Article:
Community Matters is a biweekly opinion column. The views expressed are solely the author’s.
Last year I joined a coalition of women’s organizations as a part of Vision 2020, which aims to increase the number of women who participate in the political process by voting and through public service. Vision 2020 had a goal of a record-breaking number of eligible women voting in the November 2020 national elections.
Over the last several months, I have also been engaged in a number of discussions analyzing next steps for women and political participation after the centennial of the 19th amendment. In order to increase the number of registered women across the nation, women voting advocates in San Francisco, CA have challenged Arlington to participate in a pilot program and develop strategies to register every eligible female Arlington voter.
As a community that values civic participation, we should do more to consider why some decide not to register to vote. We should not congratulate ourselves on a high rate without considering why the people who aren’t registered have decided to opt out of this specific activity.
I would be curious to know whether not registering to vote is a predictor of other behaviors as well, and if these nonvoters have a particular perspective that we don’t generally consider when we focus on soliciting voters’ opinions. I addressed this in an October 2020 column, Community Matters: When “None of the Above” is Your Only Choice.
Arlington County does a great job of providing election information online. The General Assembly has expanded voter access by removing the witness signature requirement, making it easier to vote by mail and early in person absentee. Voter registration is often available at new citizen ceremonies. Organizations like the League of Women Voters of Arlington spend a large proportion of their resources on voter registration.
Despite these successes, we should consider whether we are being unintentionally exclusive.
We should do more to learn about the Arlington residents who are not registered to vote, and determine their concerns. Once we determine what their specific concerns are, we should try to address them. In Arlington, there are approximately 8,000 women who are over 18 and not registered to vote. If they are otherwise not eligible, we should determine that and strategize about how we can remove barriers.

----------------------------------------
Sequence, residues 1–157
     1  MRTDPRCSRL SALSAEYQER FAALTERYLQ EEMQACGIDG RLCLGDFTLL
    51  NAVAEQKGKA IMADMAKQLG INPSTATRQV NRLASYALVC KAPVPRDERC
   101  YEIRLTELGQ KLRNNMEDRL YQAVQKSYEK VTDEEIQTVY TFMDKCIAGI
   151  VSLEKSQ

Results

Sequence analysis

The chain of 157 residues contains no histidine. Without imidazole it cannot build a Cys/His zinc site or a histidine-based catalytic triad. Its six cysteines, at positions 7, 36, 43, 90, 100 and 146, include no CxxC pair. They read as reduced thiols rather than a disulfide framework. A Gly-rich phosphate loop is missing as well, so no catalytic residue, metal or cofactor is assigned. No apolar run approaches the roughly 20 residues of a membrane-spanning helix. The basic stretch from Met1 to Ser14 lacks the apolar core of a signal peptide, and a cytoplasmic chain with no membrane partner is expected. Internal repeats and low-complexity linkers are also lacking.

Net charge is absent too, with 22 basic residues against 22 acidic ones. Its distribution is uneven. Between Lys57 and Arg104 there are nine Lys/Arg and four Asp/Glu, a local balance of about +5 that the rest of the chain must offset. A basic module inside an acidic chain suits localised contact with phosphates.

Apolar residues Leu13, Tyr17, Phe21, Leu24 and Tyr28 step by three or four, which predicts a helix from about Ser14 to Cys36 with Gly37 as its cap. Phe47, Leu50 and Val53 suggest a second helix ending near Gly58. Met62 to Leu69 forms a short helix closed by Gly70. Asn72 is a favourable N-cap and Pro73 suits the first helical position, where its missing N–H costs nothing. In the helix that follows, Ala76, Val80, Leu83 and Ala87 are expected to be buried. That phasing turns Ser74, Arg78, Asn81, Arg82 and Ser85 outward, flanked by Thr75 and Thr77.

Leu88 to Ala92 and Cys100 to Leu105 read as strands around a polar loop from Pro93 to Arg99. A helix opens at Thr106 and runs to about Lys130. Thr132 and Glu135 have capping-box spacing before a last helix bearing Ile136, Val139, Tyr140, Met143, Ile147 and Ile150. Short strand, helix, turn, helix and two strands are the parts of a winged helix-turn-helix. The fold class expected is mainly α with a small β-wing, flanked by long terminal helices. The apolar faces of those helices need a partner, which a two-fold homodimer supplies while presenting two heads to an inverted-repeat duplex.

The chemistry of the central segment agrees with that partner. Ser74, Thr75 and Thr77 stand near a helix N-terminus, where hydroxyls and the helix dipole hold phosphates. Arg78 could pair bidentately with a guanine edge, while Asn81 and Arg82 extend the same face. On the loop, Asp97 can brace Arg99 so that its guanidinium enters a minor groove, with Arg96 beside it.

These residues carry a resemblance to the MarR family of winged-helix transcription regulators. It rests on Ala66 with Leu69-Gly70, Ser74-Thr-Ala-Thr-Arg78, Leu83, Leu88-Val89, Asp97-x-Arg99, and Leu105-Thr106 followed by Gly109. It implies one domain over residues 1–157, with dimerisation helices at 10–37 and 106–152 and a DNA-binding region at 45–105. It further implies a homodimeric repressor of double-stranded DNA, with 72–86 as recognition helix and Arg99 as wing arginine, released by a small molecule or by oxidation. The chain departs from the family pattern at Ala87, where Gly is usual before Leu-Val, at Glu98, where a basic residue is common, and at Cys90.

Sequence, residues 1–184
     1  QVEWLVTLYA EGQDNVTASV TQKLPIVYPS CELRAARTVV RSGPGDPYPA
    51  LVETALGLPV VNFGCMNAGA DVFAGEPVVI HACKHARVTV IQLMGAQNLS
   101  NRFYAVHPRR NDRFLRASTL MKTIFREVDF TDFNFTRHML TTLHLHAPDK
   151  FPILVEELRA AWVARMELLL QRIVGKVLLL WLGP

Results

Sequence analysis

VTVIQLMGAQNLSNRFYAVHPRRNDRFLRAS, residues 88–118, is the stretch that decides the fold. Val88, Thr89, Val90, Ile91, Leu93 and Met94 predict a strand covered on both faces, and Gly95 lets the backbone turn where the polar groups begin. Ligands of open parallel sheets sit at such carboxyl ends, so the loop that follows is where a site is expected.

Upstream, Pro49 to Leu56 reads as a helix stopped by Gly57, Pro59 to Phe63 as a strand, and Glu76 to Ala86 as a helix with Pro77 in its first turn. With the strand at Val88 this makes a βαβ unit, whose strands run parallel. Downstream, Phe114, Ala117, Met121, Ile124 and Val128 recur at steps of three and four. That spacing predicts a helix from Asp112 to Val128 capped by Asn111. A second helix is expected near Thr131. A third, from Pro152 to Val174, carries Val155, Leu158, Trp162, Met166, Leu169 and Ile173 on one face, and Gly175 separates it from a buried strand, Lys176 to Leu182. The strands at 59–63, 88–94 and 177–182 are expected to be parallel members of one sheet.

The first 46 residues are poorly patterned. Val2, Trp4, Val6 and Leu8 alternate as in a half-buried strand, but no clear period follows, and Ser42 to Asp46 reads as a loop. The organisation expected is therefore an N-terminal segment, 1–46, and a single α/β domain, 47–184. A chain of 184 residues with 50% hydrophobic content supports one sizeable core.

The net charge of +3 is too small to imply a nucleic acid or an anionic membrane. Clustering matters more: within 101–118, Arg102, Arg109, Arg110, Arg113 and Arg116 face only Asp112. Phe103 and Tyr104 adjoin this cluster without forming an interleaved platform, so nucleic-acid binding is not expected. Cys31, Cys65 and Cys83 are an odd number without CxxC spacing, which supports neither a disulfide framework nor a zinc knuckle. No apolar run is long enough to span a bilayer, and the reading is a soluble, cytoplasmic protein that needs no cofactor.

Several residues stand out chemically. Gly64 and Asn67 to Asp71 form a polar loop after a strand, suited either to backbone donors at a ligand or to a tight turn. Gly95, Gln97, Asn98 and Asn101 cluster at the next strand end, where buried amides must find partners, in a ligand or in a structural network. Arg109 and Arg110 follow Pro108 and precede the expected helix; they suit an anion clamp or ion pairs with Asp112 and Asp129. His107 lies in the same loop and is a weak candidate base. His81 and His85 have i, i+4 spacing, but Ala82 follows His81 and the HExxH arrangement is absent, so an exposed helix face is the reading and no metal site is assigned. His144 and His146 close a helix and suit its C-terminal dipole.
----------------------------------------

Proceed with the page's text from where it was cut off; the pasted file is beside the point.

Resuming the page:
More organizations should include voter registration in their civic engagement efforts. The State Board of Elections has facilitated voter registration training for groups, and provided QR codes for volunteers. We should also continue to diversify outreach efforts, and expand multicultural voter registration efforts.
Organizations should teach their members to address the behavioral barriers cited by nonvoters. Strategies could include discussing the specific impact certain local elected officials have on the issues they care about, as opposed to federal leaders, which are often vilified for partisanship. For those who feel they don’t know the issues well enough to vote, we should solicit their opinion on the key issues, and empower and value their perspective. We should also steer them towards resources which outline the candidates’ platforms.
While voter registration is not compulsory in the US, considering our nation’s history and current actions to suppress voter participation, Arlington should do even more to ensure that we have maximum participation in the electoral process. The work we do in Arlington to register that small remaining number of voters, could assist other localities in increasing voter registration and participation. If you are interested in participating in our pilot challenge program, please email [email protected].
Krysta Jones has lived in Arlington since 2004 and is active in local politics and civic life. This column is in no way associated with or represents any person, government, organization or body — except Krysta herself.
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